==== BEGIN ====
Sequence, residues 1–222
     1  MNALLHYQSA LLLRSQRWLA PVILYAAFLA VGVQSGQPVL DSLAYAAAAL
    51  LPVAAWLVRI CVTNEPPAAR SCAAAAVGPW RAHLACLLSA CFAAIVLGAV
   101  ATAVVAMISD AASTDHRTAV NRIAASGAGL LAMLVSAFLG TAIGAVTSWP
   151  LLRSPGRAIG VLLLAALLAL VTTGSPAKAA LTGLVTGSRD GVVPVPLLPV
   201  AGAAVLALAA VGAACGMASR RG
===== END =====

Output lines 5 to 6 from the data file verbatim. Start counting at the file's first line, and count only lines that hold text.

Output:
   151  LLRSPGRAIG VLLLAALLAL VTTGSPAKAA LTGLVTGSRD GVVPVPLLPV
   201  AGAAVLALAA VGAACGMASR RG